The bigger you are

It had been a long week at work. End of sprint, we’d somehow managed to graft our contraption onto business’ operations without causing too much damage. It wasn’t without its hiccups but I’m led to believe that it was an overall win.

So I was looking forward to my usual 2.5km ride to the station, and my 40 odd minute journey in a metal can. Metro had other plans for me.

The train was stopped at the station – all the doors were opened, and people were emptying out the carriages and making their way to the bus stop.

There had been a train/car accident at Cheltenham station. The staff at the bus stop suggested I rode to the Moorabbin station since taking the bike on the bus would be a bit of a stretch. “You look like a good rider”, he said, probably referring to my very manly looking cycling tights.

So I tried to mirror the severe disappointment around me at Metro. Secretly, I was delighted at the opportunity to do something out of the norm. I powered up the GPS tracker on my phone and was on my way.

This, I had to capture – all 11km’s of it. It would make good conversation fodder for the weekend compared to my usual nerdy contributions.

Along the way, the road blocks set up by the police nearer to the scene of the accident hinted at the seriousness of the matter, but nothing prepared me for the swell at Moorabbin station.

Lots of other less fortunate people having a less than ideal start to their weekends. At that point, any sense of mine being predicament quickly vanished – I was having a ball by┬ácomparison.

These photos are a stark reminder of the fire that I play with on a daily basis. I engineer information systems for an high volume online retailer. Not quite the scale of a metropolitan train network, but analogous enough.

The fundamental goal of any large scale system is to harness the economics of scale to reduce waste and increase efficiency. But what many fail to understand is with any large-scale monolithic system, the stakes increase exponentially with the gains. Potential points of failure proliferate with every corner cut, and it only takes a few minute defects before the whole thing crumbles in a sorry heap.

Scale is a gallant champion, but makes for a horrendous and putrid failure.

Dealing with on-coming pedestrians while cycling

Cyclists generally know how to indicate their directional intentions a vehicle behind. If one wishes to turn left, one raises and extends one’s left arm till it is horizontal. Likewise when one wants to turn right, except one would use one’s right arm.

But how does one indicate to on-coming pedestrian traffic. Raising either arm will result in a most certain confusion. For example, does the raising of one’s arm serve as an instructional “please modify your path of travel and head in that direction”, or is an informational “That’s where I’m headed, please get out of the way”.

This is an uncertainty that is hard to resolve in the average time that stands between a cyclist and an on-coming pedestrian. It often results in said pedestrian freezing in a less than ideal position, requiring the cyclist to perform a high-speed maneuver to the unpleasant soundtrack of said pedestrian spouting expletives.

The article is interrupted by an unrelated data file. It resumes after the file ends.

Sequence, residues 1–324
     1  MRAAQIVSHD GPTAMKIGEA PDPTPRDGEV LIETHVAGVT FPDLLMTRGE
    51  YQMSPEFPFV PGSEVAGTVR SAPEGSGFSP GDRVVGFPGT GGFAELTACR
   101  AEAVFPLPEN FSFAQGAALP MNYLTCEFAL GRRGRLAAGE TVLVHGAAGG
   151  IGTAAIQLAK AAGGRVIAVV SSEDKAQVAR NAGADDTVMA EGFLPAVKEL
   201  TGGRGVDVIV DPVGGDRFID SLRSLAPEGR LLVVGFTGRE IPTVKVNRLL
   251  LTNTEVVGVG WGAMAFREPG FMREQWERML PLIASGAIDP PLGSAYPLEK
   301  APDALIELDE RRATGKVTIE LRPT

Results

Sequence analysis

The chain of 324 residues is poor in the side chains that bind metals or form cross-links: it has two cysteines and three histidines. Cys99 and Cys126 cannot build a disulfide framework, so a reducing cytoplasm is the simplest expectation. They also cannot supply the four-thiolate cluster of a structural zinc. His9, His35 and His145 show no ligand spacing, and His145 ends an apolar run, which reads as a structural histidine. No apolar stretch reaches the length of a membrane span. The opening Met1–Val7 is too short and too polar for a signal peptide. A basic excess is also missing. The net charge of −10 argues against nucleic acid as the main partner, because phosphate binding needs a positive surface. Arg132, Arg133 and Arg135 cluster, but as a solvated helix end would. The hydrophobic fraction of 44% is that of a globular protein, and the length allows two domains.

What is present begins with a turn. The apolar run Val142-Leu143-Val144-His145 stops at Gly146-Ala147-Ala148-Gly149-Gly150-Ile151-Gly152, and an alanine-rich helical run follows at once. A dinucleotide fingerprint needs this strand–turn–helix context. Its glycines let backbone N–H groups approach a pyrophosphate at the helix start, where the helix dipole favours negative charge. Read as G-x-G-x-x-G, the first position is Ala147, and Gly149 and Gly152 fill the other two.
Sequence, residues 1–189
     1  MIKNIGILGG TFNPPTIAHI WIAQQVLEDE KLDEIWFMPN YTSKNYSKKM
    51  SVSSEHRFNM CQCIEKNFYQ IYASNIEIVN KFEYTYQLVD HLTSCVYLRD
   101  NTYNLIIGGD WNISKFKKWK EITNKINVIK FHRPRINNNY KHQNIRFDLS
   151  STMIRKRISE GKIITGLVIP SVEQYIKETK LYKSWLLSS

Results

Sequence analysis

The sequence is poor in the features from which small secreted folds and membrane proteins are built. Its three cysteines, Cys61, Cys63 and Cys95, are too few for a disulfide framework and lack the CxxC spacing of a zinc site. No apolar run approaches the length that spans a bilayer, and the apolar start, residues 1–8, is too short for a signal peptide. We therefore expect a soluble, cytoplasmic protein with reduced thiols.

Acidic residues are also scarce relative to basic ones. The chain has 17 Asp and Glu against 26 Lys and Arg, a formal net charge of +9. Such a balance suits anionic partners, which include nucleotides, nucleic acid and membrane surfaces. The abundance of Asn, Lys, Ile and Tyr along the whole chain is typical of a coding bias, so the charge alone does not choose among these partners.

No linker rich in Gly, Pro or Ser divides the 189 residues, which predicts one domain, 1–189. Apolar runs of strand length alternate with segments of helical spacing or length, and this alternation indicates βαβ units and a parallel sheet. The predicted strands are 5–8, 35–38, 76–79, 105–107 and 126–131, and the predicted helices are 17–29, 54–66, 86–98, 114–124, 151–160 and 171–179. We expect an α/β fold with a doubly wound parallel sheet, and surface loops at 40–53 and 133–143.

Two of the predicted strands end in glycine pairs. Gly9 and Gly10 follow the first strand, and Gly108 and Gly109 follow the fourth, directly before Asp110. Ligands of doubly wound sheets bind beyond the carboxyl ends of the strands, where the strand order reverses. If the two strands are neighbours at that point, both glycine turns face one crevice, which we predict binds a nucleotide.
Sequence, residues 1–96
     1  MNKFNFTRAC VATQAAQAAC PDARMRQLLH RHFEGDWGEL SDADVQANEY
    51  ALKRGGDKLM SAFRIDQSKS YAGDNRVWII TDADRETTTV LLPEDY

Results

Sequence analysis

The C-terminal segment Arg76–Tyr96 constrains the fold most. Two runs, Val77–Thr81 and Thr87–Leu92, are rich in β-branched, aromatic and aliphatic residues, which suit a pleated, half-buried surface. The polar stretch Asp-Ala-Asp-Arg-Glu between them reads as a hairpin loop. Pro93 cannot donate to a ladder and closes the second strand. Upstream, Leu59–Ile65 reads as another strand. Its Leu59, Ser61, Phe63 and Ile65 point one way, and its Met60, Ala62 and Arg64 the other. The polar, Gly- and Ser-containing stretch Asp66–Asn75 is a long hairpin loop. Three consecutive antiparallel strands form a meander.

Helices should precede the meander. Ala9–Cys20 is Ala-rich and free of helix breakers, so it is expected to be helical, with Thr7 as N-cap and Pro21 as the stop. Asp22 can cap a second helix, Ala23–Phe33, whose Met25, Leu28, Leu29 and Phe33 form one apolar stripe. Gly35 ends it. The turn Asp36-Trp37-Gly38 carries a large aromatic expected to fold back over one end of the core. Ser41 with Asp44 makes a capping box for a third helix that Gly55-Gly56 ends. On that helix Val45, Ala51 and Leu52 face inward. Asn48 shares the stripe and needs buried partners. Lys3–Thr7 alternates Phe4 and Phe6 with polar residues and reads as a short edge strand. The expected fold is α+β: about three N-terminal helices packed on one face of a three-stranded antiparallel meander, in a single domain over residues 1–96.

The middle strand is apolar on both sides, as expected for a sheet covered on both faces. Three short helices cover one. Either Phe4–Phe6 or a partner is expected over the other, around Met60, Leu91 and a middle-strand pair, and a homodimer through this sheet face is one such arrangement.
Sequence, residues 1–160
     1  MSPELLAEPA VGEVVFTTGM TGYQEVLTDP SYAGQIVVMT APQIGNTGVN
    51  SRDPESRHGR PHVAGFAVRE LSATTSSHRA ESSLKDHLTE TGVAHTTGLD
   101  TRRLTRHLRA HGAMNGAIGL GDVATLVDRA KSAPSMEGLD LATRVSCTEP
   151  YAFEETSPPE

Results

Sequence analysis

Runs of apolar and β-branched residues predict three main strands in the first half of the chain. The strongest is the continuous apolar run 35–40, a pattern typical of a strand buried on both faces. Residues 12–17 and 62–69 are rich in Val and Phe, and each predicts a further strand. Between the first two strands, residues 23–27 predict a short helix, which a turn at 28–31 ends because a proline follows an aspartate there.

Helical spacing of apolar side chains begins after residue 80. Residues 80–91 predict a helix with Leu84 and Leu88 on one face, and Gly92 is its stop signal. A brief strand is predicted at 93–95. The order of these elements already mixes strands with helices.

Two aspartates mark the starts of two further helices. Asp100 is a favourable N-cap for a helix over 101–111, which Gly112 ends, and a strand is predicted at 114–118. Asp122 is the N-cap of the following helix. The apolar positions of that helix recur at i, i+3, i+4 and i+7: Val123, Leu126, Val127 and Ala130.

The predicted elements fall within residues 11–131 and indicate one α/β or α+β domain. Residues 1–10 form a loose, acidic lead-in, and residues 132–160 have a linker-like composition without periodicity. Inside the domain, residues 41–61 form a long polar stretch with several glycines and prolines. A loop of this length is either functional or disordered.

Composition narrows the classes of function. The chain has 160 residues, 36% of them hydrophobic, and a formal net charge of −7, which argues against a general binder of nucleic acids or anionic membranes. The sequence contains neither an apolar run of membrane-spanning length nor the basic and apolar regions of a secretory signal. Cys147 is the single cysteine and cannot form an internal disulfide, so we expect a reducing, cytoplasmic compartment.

No, there is a better way.

When approaching a pedestrian, you first attempt to make eye contact. Thanks to evolution and a general love for life, pedestrians are wired to pay very close attention to sudden and quick motions, making this the easiest step. An exception would be a growing number of people who pedestriate around with their eyes glued to their mobile devices. Not to worry, they’re sufficiently distracted, are quick to admit to being in the wrong, and that they should be more attentive to their surroundings while commuting.

Step two. Once you’ve made eye contact, you need to produce a stare that says “Hey you, yes you! I’m talking to you. pay attention now”. This takes a bit of practice because you’re not allowed to mouth the words. All you have are two eyes and a network of facial muscles to get the message across. Don’t care for coming across rude for this instance, matters of safety trumps courtesy.

Step three, after a firm channel of communication has been established, drop the eye contact abruptly and proceed to look assertively towards the route that you intend to take. Do not use your arms, do not re-establish eye contact to see if the pedestrian got the message, do not go in any direction other than the direction that you’ve look-dicated.

Here’s what this sequence of actions should communicate.

  1. Hey you, pay attention to me.
  2. I know you’re there, I’m not going to tell you where to go, but here’s where I’m headed.
  3. Now that you know where I’m headed, you’re free to decide what you’d like to do.

As the bigger commuter and the one who is able to call the shots in this split second relationship, it is the cyclist’s solemn duty to cause as little inconvenience as possible to his/her co-commuting pedestrian friends. The rule of thumb is to pick a path around the pedestrian, and use the above techniques to assure said pedestrian that he/she is not required to change directions.

How cold is it today


When the train pulls in with thick fog on its windows, you forget about the bulk under your arms and thank god you’ve got 5 layers of clothing on today.


These sightings have formed the bookends of most of my weekdays for almost 3 weeks now. I thought I’d share them.